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Dementia targets will lead to overdiagnosis

Pressure to increase diagnoses will also undermine relationships with patients

Louise Prime

Wednesday, 02 April 2014

The Government pressure on commissioners to push GPs to make more dementia diagnoses could lead to overdiagnosis and harm patients, warns a Surrey GP. In his Personal view*, published today on bmj.com, Dr Martin Brunet writes that targets for diagnosis threaten to undermine GPs’ relationships with their patients. He is also worried that the idea of diagnosis targets, “a highly successful strategy for politicians and industry”, could spread to others areas of medicine.

Dr Brunet is concerned that there has been no analysis of the potential harm caused by targets for diagnosis, and that there is ‘an obvious danger’ that perverse behaviours and outcomes will result from putting patient need second to meeting quotas. He writes: “The making of a diagnosis is a key moment in a patient’s journey. It can bring great benefit by opening the door to effective treatments and support as well as giving a much needed explanation for worrying symptoms. But it can also bring great harm if incorrect.”

He insists that a patient’s best interests should be the only factor influencing a doctor’s decision to make a diagnosis, and abhors the idea “that doctors should be motivated by self interest, such as personal or corporate gain”, which he warns would undermine the basis of their relationship with patients.

Dr Brunet notes that NHS England prefers to talk about ‘goals’ or ‘ambitions’, perhaps because the word target would be ‘too inflammatory’. But he suggests that a CCG ‘desperate’ to remove itself from a list of the ten worst in the country for diagnosis rates, could be tempted to turn a goal into a financial target. He points out that Herefordshire CCG has a target for dementia diagnosis rates as one of its local measures within the quality premium payment, and when it wrote to local GPs it referred to losing income if it missed ‘these targets’.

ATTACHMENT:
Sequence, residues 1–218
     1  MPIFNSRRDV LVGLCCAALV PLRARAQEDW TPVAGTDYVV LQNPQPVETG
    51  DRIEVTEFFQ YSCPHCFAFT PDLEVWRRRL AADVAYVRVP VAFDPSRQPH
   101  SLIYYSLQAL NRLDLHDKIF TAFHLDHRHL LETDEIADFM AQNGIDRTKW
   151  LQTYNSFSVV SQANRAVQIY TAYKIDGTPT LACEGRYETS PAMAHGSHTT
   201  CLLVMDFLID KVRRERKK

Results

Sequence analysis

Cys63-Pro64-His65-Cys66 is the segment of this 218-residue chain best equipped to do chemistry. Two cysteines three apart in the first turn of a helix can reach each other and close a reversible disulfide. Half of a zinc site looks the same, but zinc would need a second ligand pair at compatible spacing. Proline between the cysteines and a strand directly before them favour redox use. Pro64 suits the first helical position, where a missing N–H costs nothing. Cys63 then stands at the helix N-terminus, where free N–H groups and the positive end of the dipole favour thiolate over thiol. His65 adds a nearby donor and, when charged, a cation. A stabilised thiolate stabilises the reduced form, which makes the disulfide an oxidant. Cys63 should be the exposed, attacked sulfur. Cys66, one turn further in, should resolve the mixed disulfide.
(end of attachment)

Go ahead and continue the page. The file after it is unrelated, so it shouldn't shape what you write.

Herefordshire CCG chair Dr Andy Watts rejected claims that its drive to increase detection was financially driven. He said: “Detection rates in the county have been historically low and that is something we need to correct for the sake of patients and the people who care for them ... This is about patients and not about money."

Dr Brunet concludes: “If we fail to question their [diagnosis target rates]’ validity, the ethical concerns that underpin the making of a diagnosis and the danger of overdiagnosis, then we risk replication of this strategy in other areas of medicine. The diagnosis must always belong only to the patient, and never to government, policy makers, or commissioners. An urgent debate is needed before this gets out of hand.”

But the Alzheimer's Society disagreed that any GP would risk compromising their relationship with patients just to meet targets, and insisted that diagnosis was in people's best interests. They said: "It is disappointing to hear that there are still some clinicians questioning the benefits of diagnosing dementia. It is not a case of ticking boxes - people with dementia have a right to know. Without a diagnosis they are left in the dark without access to treatments, support and information."

* BMJ 2014;348:g2224 doi:10.1136/bmj.g2224

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